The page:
1. Watch the text color and the background color.

White letters on a black background does look neat, but it’s hard on the eyes.  Also, keep in mind that someone might want to print out a post you write if this is on your blog.  I heard of a blog post that had red lettering on a green background.  This would be a nightmare to print out.  Sure, the person can select “black and white” print, but will they think to do it (or even know how?).

2. Font size and type.

You want something that’s both easy to read and neat.  Bigger font size is good for introducing a division in the topic on the post.  For example, “2. Font size and type” above can be larger.  It can also have a fancier kind of font if you want.  But for the regular text like what you’re reading here, I think it’s best to go with the default font size and type.

3. De-clutter the page.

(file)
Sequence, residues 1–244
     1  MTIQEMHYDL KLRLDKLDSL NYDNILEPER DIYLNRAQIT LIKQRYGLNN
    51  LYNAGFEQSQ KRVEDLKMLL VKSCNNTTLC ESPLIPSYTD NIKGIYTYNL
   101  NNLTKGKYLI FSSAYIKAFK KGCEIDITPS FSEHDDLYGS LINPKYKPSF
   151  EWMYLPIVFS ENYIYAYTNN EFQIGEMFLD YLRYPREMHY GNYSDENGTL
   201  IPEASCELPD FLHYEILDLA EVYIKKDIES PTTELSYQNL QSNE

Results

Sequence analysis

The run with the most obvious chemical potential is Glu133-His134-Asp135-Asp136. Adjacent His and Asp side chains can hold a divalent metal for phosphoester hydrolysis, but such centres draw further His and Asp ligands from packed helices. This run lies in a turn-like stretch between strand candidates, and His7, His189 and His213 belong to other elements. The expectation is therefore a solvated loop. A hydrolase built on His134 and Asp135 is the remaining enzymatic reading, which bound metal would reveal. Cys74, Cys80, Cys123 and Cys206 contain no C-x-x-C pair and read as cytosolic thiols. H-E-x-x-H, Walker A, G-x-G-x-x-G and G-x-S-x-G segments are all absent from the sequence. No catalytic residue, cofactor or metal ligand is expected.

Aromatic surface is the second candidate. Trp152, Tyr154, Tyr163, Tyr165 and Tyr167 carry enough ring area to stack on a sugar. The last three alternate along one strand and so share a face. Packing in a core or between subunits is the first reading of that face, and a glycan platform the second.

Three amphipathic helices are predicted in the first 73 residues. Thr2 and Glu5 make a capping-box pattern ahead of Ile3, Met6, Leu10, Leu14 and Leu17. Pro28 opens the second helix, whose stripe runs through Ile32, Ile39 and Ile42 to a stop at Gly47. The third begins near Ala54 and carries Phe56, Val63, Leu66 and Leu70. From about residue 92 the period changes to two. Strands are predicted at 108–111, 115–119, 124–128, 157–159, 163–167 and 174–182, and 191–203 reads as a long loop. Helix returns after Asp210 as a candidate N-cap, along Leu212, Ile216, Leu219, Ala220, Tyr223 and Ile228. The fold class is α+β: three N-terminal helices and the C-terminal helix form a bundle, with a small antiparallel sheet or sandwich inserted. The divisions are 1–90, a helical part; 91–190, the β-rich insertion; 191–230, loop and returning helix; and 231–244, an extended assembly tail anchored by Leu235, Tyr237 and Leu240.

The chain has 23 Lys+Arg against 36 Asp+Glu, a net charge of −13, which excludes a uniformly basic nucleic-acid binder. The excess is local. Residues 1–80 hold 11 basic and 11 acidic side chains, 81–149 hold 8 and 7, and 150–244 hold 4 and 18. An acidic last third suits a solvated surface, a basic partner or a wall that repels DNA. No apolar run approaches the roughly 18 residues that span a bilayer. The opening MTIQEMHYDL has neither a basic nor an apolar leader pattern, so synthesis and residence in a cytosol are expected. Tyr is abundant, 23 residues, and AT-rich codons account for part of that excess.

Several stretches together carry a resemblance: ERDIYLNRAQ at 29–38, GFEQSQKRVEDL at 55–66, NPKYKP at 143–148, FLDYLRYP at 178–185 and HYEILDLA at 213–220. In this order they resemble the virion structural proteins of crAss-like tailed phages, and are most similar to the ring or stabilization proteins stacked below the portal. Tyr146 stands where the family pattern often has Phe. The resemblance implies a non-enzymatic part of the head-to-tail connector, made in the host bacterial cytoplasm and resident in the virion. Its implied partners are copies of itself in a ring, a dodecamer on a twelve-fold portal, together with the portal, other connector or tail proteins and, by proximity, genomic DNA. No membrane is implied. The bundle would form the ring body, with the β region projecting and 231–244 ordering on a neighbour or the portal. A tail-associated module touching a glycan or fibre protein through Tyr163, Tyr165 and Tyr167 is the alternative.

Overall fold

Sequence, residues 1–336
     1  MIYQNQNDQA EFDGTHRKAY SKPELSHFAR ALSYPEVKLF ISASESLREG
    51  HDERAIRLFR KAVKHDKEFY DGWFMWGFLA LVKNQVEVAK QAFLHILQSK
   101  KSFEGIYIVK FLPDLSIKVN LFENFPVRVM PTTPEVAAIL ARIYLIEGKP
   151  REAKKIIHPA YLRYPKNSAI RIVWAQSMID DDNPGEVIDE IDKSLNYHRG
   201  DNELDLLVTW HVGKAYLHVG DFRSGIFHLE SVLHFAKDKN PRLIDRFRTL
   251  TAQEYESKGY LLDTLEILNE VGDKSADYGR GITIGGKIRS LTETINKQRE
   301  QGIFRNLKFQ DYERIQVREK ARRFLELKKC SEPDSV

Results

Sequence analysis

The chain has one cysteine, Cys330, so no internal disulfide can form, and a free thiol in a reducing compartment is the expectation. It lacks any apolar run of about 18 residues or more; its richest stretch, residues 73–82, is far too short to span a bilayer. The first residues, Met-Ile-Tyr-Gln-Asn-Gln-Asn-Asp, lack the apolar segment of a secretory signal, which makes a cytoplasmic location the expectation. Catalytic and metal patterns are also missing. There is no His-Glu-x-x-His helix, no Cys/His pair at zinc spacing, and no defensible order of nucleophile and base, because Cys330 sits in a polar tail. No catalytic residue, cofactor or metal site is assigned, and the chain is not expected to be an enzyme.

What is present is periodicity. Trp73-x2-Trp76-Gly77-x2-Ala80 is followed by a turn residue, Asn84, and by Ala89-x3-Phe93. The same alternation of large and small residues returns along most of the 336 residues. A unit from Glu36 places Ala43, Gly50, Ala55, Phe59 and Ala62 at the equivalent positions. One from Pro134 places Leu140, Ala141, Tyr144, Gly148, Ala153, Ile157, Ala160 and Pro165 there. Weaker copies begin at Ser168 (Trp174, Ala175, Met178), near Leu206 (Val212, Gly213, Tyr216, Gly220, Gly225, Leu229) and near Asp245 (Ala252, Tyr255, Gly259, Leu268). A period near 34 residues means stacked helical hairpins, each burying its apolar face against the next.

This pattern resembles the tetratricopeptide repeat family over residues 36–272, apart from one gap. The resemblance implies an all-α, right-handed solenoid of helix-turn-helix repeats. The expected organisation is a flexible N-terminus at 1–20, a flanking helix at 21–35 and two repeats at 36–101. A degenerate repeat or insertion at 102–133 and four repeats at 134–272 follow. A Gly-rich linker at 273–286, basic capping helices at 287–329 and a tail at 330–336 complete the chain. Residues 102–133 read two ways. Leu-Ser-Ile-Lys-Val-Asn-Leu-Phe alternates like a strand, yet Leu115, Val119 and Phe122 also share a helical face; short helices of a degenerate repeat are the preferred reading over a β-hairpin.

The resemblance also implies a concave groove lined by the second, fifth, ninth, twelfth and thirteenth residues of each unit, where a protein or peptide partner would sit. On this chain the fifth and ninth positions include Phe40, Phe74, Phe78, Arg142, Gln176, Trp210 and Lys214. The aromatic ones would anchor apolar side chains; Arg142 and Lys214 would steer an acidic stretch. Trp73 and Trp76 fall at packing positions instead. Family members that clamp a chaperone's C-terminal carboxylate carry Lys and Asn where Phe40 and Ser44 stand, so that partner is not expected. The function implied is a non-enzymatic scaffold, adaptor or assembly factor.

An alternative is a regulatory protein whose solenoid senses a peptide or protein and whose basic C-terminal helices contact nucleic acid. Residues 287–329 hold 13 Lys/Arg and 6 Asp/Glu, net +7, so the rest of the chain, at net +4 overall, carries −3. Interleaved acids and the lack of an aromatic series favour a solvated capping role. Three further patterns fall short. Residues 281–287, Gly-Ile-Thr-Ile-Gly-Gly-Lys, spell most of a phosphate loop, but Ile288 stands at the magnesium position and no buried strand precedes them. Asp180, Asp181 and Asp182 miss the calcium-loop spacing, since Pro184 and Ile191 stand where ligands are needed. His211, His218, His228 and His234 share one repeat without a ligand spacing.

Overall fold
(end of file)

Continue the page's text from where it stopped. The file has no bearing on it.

On your website, your newest book should be the focal point, so this should be where the eyes first go to when someone stops by.  Past books should be on other pages.

You can point out other pages in your header (if it’s one that scrolls across like Joleene Naylor or Melanie Nilles does).

Or you can point to other pages in your site somewhere in a menu bar.  Stephannie Beman has her pages listed on a menu at the bottom of the header on her website, and Rami Ungar has his menu at the very top of his blog.

Any other things you want to point out (such as social media links) in your home page should be unobtrusive and to the side of the content that’s being featured.